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Adler, Philip A. (ed.) / Wisconsin literary magazine
Volume XVII, Number 4 (January 1918)

Colvin, Jessica B.
At twenty-seven,   pp. 92-95


Page 92

WISCONSIN LITERARY MAGAZINE
January, 1918
At Twenty-Seven
I HAVE been thinking this morning of the day that
Marian and I had luncheon together at the Ches-
shire Cheese, when we were in London five years ago.
To be perfectly frank I suppose it was because I am
hungry that my mind has wandered to the toasted
cheese we had in little oblong tin pans, the pigeon pie,
and the strawberries with Devonshire cream. It was
almost the only good meal we had in England that
summer and just having come down from Oxford,
where no one cares what he eats, we certainly appre-
ciated it. So when I am hungry and think of England
it is of that luncheon. But as I think of it now in the
light of all that has happened to Marian since that day
it is memorable for more than the menu.
We stayed there talking for hours in the dingy lit-
tle booth where our luncheon was served. The wait-
ers went about their business ignoring us, and we felt
very isolated and intimate in our dark corner. Marian
had on a tiny hat of brilliant blue feathers, which
brought out the gold in her hair and brightened her
eyes, her whole face in fact. She did most of the talk-
ing. Well as I have always known Marian, her per-
sonality is a little mysterious and baffling to me and I
listen spellbound if a mood of self-revealment comes
upon her. Our conversation of that day is still very
distinct in my mind.
We talked about our careers for a long time, more
or less vaguely, for we were just out of college and
they were pretty much matters of theory then. I re-
member that Marian finally said to me quite seriously:
"You know, Alice, Paul's nice letter this morning
made me wonder why it is that I've never been in love.
It's really a queer record for a girl of my age."
"You have an extraordinary capacity for being im-
personal," I replied in a matter of fact tone, which
suddenly reminded me of the way I used to answer
questions in my English classes. "You know," I said,
"you've admitted before that people don't interest you
except as purveyors of ideas. You never notice stupid
people, unless it happens to be some old man with a
long beard and a picturesque blue shirt who takes your
fancy, or maybe a little girl with a freckled face and
cute pig-tails."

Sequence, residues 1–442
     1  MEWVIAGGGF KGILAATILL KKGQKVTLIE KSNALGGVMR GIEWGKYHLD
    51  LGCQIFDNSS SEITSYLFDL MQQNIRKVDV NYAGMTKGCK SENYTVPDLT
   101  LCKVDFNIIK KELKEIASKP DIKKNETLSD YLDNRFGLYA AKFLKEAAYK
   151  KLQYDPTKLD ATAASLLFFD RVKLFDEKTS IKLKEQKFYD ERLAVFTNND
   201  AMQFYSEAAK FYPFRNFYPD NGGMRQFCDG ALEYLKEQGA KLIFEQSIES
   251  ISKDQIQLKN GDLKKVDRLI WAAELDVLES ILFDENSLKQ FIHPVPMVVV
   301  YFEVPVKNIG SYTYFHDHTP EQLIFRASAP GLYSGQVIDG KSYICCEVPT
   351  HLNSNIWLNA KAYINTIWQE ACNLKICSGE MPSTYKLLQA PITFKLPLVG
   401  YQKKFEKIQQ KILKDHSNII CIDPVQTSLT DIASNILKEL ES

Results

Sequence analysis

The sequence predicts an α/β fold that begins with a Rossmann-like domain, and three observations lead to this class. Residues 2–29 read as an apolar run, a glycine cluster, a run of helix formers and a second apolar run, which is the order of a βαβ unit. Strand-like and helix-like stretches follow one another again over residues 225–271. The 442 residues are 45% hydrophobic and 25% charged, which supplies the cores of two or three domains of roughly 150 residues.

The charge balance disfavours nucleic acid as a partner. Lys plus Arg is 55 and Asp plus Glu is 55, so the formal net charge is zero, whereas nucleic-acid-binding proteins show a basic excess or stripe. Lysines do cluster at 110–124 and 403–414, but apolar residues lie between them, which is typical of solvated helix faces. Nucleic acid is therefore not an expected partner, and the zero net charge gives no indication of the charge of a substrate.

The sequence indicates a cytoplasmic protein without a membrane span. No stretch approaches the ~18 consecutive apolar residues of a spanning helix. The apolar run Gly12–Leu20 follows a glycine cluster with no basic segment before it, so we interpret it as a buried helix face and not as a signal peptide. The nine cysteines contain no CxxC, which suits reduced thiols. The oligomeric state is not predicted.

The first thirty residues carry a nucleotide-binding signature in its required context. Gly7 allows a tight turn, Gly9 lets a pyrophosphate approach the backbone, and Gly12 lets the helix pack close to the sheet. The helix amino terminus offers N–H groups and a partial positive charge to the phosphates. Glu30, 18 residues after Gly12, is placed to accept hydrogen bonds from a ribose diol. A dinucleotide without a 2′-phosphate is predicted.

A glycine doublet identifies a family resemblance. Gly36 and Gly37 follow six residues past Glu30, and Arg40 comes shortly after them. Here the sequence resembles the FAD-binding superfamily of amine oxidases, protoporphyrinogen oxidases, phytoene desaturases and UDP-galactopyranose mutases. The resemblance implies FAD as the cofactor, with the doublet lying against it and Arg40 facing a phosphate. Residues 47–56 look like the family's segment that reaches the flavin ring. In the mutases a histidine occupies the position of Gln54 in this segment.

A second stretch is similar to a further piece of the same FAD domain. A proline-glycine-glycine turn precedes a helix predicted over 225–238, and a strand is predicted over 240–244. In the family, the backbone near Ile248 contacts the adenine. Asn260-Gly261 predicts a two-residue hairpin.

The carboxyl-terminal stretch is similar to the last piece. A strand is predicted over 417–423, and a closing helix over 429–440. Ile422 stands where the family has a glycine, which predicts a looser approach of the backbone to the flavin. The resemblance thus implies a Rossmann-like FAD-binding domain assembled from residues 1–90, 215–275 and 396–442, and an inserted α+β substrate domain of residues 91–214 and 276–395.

She did not seem to notice what I was saying. She
was toying with her silver bag and looking out of the
window, evidently thinking.
Finally she said, "Alice, I feel sure today that I
shall never marry. Every one has always taken for
granted that I would some time soon, and I had more
or less accepted the idea myself, But there is so much
I want to do. I'd like to take up one thing after an-
other and do all extremely well. I'd like to prove to
everyone, especially to men, that I am independent
and capable and intelligent. I am always furious when
men don't treat me as an equal. I want to show
them!"
Her big, eager brown eyes were shining with en-
thusiasm. I hadn't seen her so animated for a long
time. "But, heavens," she added after a while, "I
don't know why I am so excited. So far as I know,
no one has the slightest desire to hinder my determina-
tion to be an old maid."
I looked at the delicate lines of her face, and the
smart tilt of her hat and wondered. But of course I
knew that she was not the kind of -girl the average
American man falls in love with. She was too intelli-
gent, or too aloof somehow.
"What about Paul?" I asked her.
"My dear, that's an impersonal friendship if ever
there was one," she said. "That's why I like him so
much. We can sit for hours talking about everything
under the sun, and he just takes it for granted that my
brain is as good as his. We like to do so many of the
same things. Well, we just naturally have an awfully
good time together. If all men were like Paul-! But
of course he's never thought of falling in love with me,
and I certainly can't conceive of loving him."
"Marian, you're so good looking that I never could
understand how even your brains saved you from be-
ing a social butterfly. And here you are just naturally
being the perfect modern woman." Flattery means
nothing to Marian, in fact she hates compliments about
her looks, so I knew that it was all right to say this to
her. "Not another girl I know could have a friend-
ship like that. They all talk about it, and would like
to, but they simply can't. Most people with your am-
bitions, are homely and untidy. You have everything
in your favor to start out with-looks, taste, brains,
determination. It would be almost a shame to waste
you on a home. I can't imagine your being anything
but a success."
Marian smiled a little vaguely. Again I knew that
she was hardly listening. After a minute she said very
positively, "I am sure now that I shall never marry."
I had a feeling that she was actually formulating her
intention that day for the first time, and I suppose that
that is why her words and the expression of her face
are so vivid to me now. There was just a faint tight-
ening of the muscles at the corners of her mouth as she
said these words. There was a slightly grim expres-
92


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